Opinion – Why I’m Not Ashamed To Still Be Playing Pokémon Go

When Pokémon hit in the late ’90s, I was all in. I still
remember my friend telling me about it in homeroom in middle school. By the
time lunch rolled around, he had convinced me to watch the anime when I got
home. It was pretty goofy, so I played it off like I didn’t like it at first,
saying, “It was okay. I’ll give it another shot tomorrow,” but I liked it from
the first minutes. The seeds of obsession were planted. I didn’t have a Game
Boy to play the games, so I began devising ways I could engage with these
characters in the meantime, typically spending my evenings at home logging onto
America Online to research about these creatures and read about the games I
didn’t have. Since I didn’t have much money at that age, I resorted to making
Pokémon cards out of the index cards my parents sent me to school with until I
could buy real ones. Months later, I convinced my parents to get me a Game Boy
Color with Pokémon Blue for Christmas. The hooks were deep.

One thing eclipsed my love of Pokémon in middle school: my hopeless,
yet undying desire to be popular. Because of this, my love for Pokémon was
often kept quiet since it was considered a “dorky” thing to like. By the time
Gold and Silver came out, my tempered enthusiasm for the franchise combined
with my hesitance of learning 100 new Pokémon drove me to skip it. I dropped
off the Pokémon series, and didn’t return until Pokémon X and Y nearly a decade
and a half later.

Fast forward to summer 2016 and I’m a 29-year-old looking
forward to Pokémon Sun and Moon. A few months before that hit, Pokémon Go launched
to a swell of enthusiasm. Unsure of the concept, I downloaded it and took a
stroll around my neighborhood, catching everything in sight. What started for
me as a fun diversion during walks has evolved into something much more for
nearly two years.

When you look at people playing Pokémon Go, it’s easy to
mock them – groups of people huddled around each other, hunched over their
phones, feeding Pikachu a berry. However, the game is much more than the sum of
its parts. Look beyond the core concept and the buggy infrastructure, and you
have a game that Game Informer
executive editor Andrew Reiner rightly pointed out as life-changing.

As my obsession with filling my Pokédex grew, I began coming
up with excuses to engage with the game. Using tools like The Silph Road’s map, I found nests of Pokémon I was hunting and started planning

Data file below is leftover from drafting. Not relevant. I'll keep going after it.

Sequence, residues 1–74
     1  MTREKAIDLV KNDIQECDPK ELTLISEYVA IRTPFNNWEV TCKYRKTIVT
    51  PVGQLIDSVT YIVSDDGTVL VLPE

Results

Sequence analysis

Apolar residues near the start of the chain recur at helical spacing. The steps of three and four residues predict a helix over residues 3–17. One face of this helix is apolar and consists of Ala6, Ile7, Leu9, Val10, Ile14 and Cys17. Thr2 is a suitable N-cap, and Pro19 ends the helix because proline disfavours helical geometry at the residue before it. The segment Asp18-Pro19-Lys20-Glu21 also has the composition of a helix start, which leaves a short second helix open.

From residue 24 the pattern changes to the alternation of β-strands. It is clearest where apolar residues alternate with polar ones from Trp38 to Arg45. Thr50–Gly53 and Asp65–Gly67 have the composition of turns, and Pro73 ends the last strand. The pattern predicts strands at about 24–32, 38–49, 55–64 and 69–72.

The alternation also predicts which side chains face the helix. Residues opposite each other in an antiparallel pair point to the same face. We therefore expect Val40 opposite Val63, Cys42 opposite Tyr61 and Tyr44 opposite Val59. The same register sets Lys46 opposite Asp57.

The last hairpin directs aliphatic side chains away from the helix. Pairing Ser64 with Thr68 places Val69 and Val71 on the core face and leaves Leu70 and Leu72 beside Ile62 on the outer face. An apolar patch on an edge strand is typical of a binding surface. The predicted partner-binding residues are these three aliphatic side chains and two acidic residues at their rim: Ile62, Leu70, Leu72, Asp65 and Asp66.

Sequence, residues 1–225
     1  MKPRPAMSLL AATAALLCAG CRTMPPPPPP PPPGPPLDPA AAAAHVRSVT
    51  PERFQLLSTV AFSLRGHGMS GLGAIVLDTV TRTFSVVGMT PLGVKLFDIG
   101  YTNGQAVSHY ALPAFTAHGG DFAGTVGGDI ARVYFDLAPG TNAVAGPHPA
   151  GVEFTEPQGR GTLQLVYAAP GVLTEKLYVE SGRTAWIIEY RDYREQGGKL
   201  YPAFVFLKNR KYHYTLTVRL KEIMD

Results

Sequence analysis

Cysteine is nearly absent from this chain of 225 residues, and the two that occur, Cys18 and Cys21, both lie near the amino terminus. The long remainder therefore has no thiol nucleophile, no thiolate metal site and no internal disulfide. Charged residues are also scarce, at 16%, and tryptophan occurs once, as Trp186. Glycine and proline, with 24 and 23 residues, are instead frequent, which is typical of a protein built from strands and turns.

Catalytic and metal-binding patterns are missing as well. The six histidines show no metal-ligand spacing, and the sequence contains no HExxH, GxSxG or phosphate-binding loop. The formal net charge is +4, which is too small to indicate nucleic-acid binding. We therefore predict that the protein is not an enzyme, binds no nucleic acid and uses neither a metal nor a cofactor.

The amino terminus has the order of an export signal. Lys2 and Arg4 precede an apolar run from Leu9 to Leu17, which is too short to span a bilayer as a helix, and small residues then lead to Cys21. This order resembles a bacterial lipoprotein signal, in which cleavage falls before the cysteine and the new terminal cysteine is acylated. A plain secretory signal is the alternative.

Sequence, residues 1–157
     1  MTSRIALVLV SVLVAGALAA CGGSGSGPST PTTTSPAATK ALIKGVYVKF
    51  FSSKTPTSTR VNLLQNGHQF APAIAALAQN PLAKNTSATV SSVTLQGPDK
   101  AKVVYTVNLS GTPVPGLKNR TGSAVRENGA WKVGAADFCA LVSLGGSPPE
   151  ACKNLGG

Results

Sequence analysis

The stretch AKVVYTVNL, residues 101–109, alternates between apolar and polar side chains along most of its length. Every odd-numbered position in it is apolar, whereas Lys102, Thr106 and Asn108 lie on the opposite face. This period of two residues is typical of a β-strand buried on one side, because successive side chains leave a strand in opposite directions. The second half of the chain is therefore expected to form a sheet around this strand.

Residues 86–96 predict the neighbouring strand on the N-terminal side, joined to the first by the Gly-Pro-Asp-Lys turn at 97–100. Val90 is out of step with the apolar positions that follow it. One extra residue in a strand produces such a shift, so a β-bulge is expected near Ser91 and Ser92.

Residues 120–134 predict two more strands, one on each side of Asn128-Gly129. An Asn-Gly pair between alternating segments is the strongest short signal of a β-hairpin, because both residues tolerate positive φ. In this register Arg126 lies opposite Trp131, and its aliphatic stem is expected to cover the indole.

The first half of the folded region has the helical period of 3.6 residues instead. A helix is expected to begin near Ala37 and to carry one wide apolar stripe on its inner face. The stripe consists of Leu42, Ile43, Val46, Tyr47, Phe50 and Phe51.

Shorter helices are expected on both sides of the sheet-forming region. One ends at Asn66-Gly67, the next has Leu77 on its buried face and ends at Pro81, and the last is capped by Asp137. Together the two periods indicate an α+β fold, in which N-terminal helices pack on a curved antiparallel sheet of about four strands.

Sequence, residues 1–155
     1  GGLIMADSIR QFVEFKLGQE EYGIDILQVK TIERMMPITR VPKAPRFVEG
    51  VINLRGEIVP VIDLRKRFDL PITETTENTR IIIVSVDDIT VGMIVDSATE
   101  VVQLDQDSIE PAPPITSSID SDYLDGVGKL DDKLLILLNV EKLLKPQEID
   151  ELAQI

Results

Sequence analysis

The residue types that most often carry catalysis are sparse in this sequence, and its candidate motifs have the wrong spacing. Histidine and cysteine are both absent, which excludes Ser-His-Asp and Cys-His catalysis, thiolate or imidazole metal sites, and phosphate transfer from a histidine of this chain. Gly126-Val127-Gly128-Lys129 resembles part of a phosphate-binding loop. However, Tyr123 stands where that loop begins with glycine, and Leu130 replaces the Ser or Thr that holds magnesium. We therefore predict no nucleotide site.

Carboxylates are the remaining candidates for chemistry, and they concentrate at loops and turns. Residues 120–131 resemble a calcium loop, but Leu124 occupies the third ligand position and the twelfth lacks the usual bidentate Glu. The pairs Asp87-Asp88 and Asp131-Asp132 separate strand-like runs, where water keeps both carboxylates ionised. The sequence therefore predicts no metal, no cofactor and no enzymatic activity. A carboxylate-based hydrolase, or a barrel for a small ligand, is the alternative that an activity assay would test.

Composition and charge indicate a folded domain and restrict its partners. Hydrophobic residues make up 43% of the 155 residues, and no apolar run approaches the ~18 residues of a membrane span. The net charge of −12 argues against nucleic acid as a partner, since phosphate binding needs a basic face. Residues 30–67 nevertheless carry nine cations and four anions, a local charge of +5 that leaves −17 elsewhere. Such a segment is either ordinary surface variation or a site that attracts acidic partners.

exercises in that area. I felt more motivated to go for runs in highly
populated Pokémon areas because it not only let me make progress in the game,
but it also occupied my mind during the run. This encouraged me to run scenic
routes during all seasons, allowing me to take in gorgeous sunsets over warm lakes,
or gaze over awe-inspiring icy expanses during frigid Minnesota winters.

Even when I’m not using it as an excuse to exercise or a
distraction from how tired I am, Pokémon Go has compelled me to explore the
area surrounding my home. I’m still a fairly new resident of Minneapolis, and
many of my favorite locales have been discoveries I owe to Pokémon Go. I’ve stumbled
upon cool waterfront parks that I’ve returned to for picnics, or lesser known
areas full of awesome bars. I even found a quaint lake tucked away in a
neighborhood less than a mile from my house.

Sure, these are things I could have discovered without the
aid of Niantic’s Pokémon-themed AR app, but the incentive to go out and explore
has helped me break the mold and stray from my mainstay spots. Along with that,
I’ve met many fellow players who I recognize when I participate in raids by my
house. It’s always nice to have a small reunion with a familiar group for a
legendary raid.

In addition to getting to know my area around me, Pokémon Go
has enabled me to reacquaint myself with a franchise that I hold near and dear
to my heart. The way Pokémon Go has slowly rolled out the generations of
creatures, I’ve grown intimately familiar with the second and third generations
of monsters. I now know Gen 2 nearly as well as Gen 1, and I’ve already gone
back to rectify never playing Gold and Silver as a kid. I’m currently in the
process of playing through Omega Ruby, and it’s giving me a similar joy and a sense
of wonder to that of my first playthrough of Pokémon Blue. I’ve even returned
to the anime, watching the first five seasons. Pokémon Go is far from the best
Pokémon game, but it’s given me an appreciation of the franchise in ways I
haven’t felt since I was a middle schooler discovering the sensation for the
first time.

Paramount to all these life enhancements are the memories
I’ve formed playing with those close to me. Whether it’s the day-long
excursions with coworkers to a neat downtown park known for rare monster spawns
or that time I sprinted across a crowded field with my girlfriend and hundreds
of other trainers to catch a Snorlax, I love looking back at the unique
excitement the game has provided me. I’ve certainly had much better gaming
experiences over the last two years, but few have provided me with as vivid and
fond memories as Pokémon Go.

If I’ve learned anything from experiences such as this over
the 31 years I’ve been alive, it’s to love what you love and not be ashamed of
it. I abandoned one of my favorite things as a child thanks to peer pressure,
and I missed out on 15 years of great games because of it. Now that I’m playing
catch-up, I understand how foolish I was to leave something I genuinely enjoy
behind to try and gain the acceptance of others. Sure, I sometimes feel a
little silly battling a raid boss in below-freezing temperatures with a group of
shivering players, but I’m loving every minute and I don’t give a damn what any
bystander may think.

 

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